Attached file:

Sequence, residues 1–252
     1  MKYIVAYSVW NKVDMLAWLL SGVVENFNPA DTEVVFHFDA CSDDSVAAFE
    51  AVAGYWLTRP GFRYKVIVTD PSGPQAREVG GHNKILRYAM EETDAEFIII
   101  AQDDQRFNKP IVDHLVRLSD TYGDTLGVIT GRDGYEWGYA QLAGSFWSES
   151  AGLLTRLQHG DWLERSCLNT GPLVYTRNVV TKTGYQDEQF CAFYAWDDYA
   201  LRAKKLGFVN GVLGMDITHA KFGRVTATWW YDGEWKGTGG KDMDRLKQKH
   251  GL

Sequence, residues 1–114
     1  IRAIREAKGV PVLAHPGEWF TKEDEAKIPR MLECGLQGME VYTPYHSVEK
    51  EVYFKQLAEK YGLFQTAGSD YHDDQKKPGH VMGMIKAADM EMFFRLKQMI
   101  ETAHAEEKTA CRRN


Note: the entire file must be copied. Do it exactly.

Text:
Sequence, residues 1–252
     1  MKYIVAYSVW NKVDMLAWLL SGVVENFNPA DTEVVFHFDA CSDDSVAAFE
    51  AVAGYWLTRP GFRYKVIVTD PSGPQAREVG GHNKILRYAM EETDAEFIII
   101  AQDDQRFNKP IVDHLVRLSD TYGDTLGVIT GRDGYEWGYA QLAGSFWSES
   151  AGLLTRLQHG DWLERSCLNT GPLVYTRNVV TKTGYQDEQF CAFYAWDDYA
   201  LRAKKLGFVN GVLGMDITHA KFGRVTATWW YDGEWKGTGG KDMDRLKQKH
   251  GL

Sequence, residues 1–114
     1  IRAIREAKGV PVLAHPGEWF TKEDEAKIPR MLECGLQGME VYTPYHSVEK
    51  EVYFKQLAEK YGLFQTAGSD YHDDQKKPGH VMGMIKAADM EMFFRLKQMI
   101  ETAHAEEKTA CRRN